Late last night, I was out at a friend’s gig, when I heard someone somewhere around me say ‘another rape, man; this time in Bombay’. I rolled my eyes and thought, ‘not again,’ and ignored it. I didn’t pause to find out more, I didn’t even pause to give it more than that first thought. As quickly as I could, I threw it out of my head.
This morning, on my way to work, I looked at my twitter timeline that was flooded with news of the #mumbaigangrape and as I read and read, I cried and cried.
I cried because I felt that girl’s pain (even if it was a fraction of it). I cried because I felt her fear. I cried because I felt MY fear. And I cried because I was ashamed.
I was ashamed that I hadn’t paid that comment last night any attention. I was ashamed because I threw away the thought that entered my mind. I was ashamed because I couldn’t even swallow or acknowledge what had happened.
I’ll tell you why I did it though- discarded the mention of that rape- no, it wasn't because I've become numb or indifferent. It was because if and when I let it sink in, the fear that goes down my spine is almost unbearable. It makes me want to go back in time to my mother’s womb, when they still hadn't figured out what my sex was. It makes me want to never do anything again. Never step out of the house, never dream, never dare to live. Because being a woman in this country, and to a large extent, in this world, is a curse. It’s one of those things that you just have to live with. As is the constant fear.
I ask my male friends, colleagues- do you know what it feels like? Most say ‘I’m sure it’s terrible,’ and make tsk tsk sympathetic noises (no disrespect to them). And some others honestly tell me with sadness in their eyes, that no, they can’t imagine what it feels like.
Well, I’ll tell you what it could feel like- it’s like walking in a lone street, in a strange country, where no one understands you or speaks your language, with your passport, your money and all that you consider yours in the middle of the night. All senses heightened, alert, knowing that you have to be extra careful until morning comes, and it’s safe again.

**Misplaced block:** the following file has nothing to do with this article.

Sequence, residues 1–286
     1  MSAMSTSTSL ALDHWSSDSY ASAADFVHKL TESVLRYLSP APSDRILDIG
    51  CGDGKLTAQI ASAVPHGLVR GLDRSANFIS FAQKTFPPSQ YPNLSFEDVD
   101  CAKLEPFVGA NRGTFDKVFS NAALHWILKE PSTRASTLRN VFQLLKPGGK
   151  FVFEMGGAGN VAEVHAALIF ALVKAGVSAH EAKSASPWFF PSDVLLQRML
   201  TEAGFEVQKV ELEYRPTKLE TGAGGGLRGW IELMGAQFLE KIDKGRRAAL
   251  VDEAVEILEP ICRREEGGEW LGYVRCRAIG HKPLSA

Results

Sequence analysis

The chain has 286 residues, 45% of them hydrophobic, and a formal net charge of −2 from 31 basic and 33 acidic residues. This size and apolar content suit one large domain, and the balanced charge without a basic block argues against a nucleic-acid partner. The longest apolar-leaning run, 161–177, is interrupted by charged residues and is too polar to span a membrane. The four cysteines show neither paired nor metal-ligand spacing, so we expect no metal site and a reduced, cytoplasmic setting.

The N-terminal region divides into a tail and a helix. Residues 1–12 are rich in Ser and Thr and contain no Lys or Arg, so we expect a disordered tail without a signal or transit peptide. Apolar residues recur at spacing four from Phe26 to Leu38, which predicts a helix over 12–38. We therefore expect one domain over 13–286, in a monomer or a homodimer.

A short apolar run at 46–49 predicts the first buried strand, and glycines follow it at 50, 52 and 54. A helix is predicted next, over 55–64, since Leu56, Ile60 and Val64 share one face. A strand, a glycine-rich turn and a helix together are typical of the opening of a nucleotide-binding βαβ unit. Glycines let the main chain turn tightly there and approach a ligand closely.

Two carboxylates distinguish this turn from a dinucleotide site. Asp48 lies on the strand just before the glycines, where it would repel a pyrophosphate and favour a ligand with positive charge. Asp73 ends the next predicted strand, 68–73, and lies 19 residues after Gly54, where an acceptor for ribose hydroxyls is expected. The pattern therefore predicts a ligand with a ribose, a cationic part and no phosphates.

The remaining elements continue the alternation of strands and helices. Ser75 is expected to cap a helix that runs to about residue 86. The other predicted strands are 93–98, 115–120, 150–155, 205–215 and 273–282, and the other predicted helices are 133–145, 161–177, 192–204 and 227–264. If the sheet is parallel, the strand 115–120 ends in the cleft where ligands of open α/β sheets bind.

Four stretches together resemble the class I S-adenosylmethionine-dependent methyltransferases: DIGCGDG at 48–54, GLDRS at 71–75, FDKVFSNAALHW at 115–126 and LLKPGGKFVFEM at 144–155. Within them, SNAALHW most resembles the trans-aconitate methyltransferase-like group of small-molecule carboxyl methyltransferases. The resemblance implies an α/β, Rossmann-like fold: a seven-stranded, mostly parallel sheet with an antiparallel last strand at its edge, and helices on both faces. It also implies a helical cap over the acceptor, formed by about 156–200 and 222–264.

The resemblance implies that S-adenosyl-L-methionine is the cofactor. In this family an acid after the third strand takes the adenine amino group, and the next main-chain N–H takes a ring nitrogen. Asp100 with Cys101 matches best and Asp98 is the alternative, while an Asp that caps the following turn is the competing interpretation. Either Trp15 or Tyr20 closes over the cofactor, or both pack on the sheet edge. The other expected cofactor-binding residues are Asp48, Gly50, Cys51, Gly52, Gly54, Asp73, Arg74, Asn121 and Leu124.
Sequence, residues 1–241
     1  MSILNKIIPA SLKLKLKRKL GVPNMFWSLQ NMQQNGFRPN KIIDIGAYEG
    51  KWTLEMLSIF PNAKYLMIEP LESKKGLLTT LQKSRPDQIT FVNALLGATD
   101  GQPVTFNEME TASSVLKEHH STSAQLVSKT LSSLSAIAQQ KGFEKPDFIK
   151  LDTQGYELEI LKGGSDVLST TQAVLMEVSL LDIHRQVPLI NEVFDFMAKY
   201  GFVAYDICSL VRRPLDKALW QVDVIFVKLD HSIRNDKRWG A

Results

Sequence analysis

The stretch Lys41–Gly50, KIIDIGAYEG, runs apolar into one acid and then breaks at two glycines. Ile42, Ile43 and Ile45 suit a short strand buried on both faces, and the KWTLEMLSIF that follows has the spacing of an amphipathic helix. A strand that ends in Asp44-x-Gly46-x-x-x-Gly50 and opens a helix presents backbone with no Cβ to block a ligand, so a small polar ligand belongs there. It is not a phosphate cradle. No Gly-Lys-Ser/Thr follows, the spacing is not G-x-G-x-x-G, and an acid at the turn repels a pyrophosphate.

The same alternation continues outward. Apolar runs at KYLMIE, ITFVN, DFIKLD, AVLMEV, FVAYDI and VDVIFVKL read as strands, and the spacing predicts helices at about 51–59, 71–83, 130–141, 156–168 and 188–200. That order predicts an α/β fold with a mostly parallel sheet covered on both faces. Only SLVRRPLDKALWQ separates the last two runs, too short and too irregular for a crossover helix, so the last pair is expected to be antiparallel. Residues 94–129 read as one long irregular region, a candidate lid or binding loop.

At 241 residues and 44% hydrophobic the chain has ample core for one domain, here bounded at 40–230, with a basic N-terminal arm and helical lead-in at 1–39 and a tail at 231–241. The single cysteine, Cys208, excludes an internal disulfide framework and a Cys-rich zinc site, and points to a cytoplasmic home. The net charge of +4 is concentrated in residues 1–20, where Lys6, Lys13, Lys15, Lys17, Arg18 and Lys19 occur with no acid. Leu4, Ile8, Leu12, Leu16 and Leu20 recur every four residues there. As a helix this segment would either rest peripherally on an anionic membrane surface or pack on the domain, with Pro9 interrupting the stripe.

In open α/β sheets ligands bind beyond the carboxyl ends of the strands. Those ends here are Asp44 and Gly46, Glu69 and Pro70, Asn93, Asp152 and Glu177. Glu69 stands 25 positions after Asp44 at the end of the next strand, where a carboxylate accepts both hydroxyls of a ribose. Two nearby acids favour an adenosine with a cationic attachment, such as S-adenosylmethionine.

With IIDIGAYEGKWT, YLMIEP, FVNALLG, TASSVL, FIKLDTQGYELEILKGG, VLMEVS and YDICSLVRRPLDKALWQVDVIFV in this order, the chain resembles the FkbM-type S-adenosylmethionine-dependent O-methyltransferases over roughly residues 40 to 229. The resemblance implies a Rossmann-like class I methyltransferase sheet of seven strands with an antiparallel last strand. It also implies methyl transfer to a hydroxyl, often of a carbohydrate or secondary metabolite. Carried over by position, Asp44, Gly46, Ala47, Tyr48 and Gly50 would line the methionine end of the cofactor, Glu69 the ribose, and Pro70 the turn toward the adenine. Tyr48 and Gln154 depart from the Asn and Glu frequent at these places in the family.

That’s what it feels like ALL the time for women. Except that there is no when morning comes.
We’re expected to be careful at all times. We’re expected, and do, watch our back at all times. Our sixth senses are on high alert, our eyes constantly making sure it’s taking in everything it possibly can in, and around, our periphery. Making sure there is nothing, and no man waiting to pounce at you, from the corner or from right out in front of you.
It’s so exhausting. It’s so nervewrecking. It’s disgusting, and depressing.
You put us on a pedestal and then drag us down. You make us the symbols of human future- the holy bearers of generations to come. And then you want to show us that in fact, you’re the one with the power- If you put us on that pedestal, then you can drag us down. You feel compelled almost, to prove to us that you’re superior.
I’m sick of it. Don’t put me on a pedestal. If I could give you my child bearing capacities, I would. If I could give you the empathy and the skill I have to bring up and nurture your children to carry forward your name into the future, I would. I’ll put you on the highest pedestal there is if you will leave me alone. I’ll put you on that pedestal if all that matters to you is that you come out glorious, more powerful and superior.
Please don’t glorify me, I beg you. Don’t call me holy, don’t think I’m better than you. I don’t want to live in constant fear of you raping me, taking away the only thing that you think will strip me naked and put me in my place.